Sunday, June 26, 2011

Free seeds of Gymnocalycium cacti to get

Recently, my Gymnocalycium cacti flowered and gave me some seeds. I want to give them for free because they are too many for me and it'll be a good practice to grow normal cactus from seed.  Then you'll know to do it with another cactus which may need more advance experience.

In the past, my friend ever gave the free seeds, then I learnt how to plant cactus from seed and now I want to do it to other people, too. Here is the picture of mother Gymnocalycium.

But you may need to pay $2 for shipping.  (Please don't forget that I live in Thailand.  If you stay here, I'll send you for free!) So if you'd like to get those seeds, please send money $2 via Paypal.  Here is my account :  There are limited amount: 3 sets (about 20-30 seeds/set)

Sunday, June 19, 2011

Cactus vs Scale

Today topic is about the scale, one of common pest for cactus as the blog reader has asked me about how to heal the cactus when scale attacks.  Hope it'll be helpful for you guys.

Scale is pinhead-size insects that present themselves as raised tan/brown spots. It is actually hard shell coverings that protect the insect or eggs underneath. Scales reproduce like rabbits, prefer columnar and rock cacti, and dine on plant juices. Infected plants appear yellow and weakened. Left untreated, scale can cause bud and shoot drop. Scale are treated similar to mealy bugs. 

Life cycle 
Scale and mealy bugs are related insects, and since their life cycles closely parallel each other.  In a general scale life cycle, eggs are produced beneath the female shell and hatch into tiny crawlers which are invisible to the unaided eye. Crawlers are not covered by a hard shell and they migrate to newly expanded foliage, finally settling near leaf veins on the underside of leaves or stems. It is this crawler stage, which is practically impossible to detect on cuttings or other propagation material that is responsible for spreading the infestation. 

Outbreaks of scale can be triggered by plants being under stress (overwatering/underwatering), too much new growth resulting from an overabundance of nutrients (overfertilizing), overcrowding (unavoidable in some collections) and other conditions specific to the infestation. These other conditions can include injudicious spraying that kills the predators but leaves the scale eggs alive, introduction of a new, more favorable host plant, etc.

scale on rose branch
How to rid scale? 
Many remedies are available for control depending on how much the scale outbreak.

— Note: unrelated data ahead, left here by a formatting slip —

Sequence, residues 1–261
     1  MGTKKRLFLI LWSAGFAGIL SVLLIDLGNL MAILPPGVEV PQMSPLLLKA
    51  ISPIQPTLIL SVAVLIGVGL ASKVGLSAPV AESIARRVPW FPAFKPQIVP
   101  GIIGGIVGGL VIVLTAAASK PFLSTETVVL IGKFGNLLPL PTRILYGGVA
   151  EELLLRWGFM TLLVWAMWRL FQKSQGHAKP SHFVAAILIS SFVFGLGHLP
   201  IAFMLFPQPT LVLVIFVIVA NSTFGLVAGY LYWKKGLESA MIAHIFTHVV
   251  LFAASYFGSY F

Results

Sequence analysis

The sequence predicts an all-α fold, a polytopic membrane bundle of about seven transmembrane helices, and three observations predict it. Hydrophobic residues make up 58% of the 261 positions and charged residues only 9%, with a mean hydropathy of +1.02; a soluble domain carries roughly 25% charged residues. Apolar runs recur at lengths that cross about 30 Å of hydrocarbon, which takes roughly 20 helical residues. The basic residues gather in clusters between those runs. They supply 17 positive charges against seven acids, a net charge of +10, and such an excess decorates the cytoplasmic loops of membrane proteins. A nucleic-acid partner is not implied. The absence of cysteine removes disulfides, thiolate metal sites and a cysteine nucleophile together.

1. At the beginning, you may choose organic controls including alcohol spray (isopropyl alcohol, straight or diluted), soapy emulsion (can be mixed w/alcohol), horticultural oil (read the directions, taking the plant out of the sun is a must) and pyrethrum spray. 
Soapy water/alcohol should be reapplied every 2-3 days for 2 weeks. This is because little residual action can be expected, and newly hatched insects are occurring.

Alcohol in large quantities in the root zone is generally to be avoided since it can dehydrate some tissues. Soapy water/alcohol mix should not be allowed to dry in the root zone since damage can occur. If it is used, after a short period it can be flushed by pouring clean water through the root zone.

2. The most common and easy choice to remove scale is Chemical spray with proven results include Sevin and malathion.  DO NOT use sprays containing malathion on the Crassulaceae family of plants. These plants include the common Jade plants.  Some species in these genera are very sensitive to Malathion, and damage or death may result.   For your safe health, follow the pesticide instruction strictly when you use Malathion.

3.  Sometimes, spraying contact pesticides on scale is not effective since their protective hard shell coverings shed water like a well-made roof and the chemical ends up killing the natural predators (lacewings and their larvae that generally keep the scale under control in garden). 
Systemic pesticides can work but we should get rid of the alive scales, too.   They can't move, so once they are detached from the plant they will die. So you should scrape off the cactus scale by washing the plant with a weak detergent solution or by mechanically removing insects with a toothpick.  Then spray Malathion to control major infestations weekly. When fighting scale, be sure to cover the soil, otherwise, these pests will just drop off and then get right back on the plant. 

Information & Photo Source:,,

Thursday, June 2, 2011

Haworthia koelmaniorum

Family: Aloaceae 
Species: koelmaniorum 

Synonym: Haworthia koelmaniorum var. koelmaniorum, Haworthia limifolia var. koelmaniorum
Origin: South Africa (Mpumalanga: Pretoria area)

USDA Zone 10a: to -1.1 °C (30 °F)
USDA Zone 10b: to 1.7 °C (35 °F)
USDA Zone 11: above 4.5 °C (40 °F)

Sun Exposure: Light Shade to shade (Its leaves can be burn if the sunlight is too severe.)

Growth Habits: Stemless rosette, very slowly clumping, 2 to 2.8 inches in diameter (5-7 cm); 14 to 20 leaves.
Watering Needs: regular water (every 3-4 days/time) 
Bloom Color: White/Near White
Bloom Time: Mid-late Summer, Early Fall
Grown for foliage

Propagation Methods: By dividing rhizomes, tubers, corms or bulbs (including offsets) or leaf cuttings
From seed; direct sow after last frost, From seed; germinate in vitro in gelatin, agar or other medium.

 Other details: 
·       This plant is suitable for growing indoors like normal harworthia.   
·        Koelmaniorum grows slowly and can be rotten easily, too.  The plant is not cheap so its soil should be light and take care of it carefully.  You may mix the cactus soil and pumice in small size with the ratio 1:2.  I've been told that it worked.
·       Although Haworthia koelmaniorum naturally occurs in the summer rainfall area, the plants seem to have no problem when cultivated under similar conditions as their winter-growing relatives.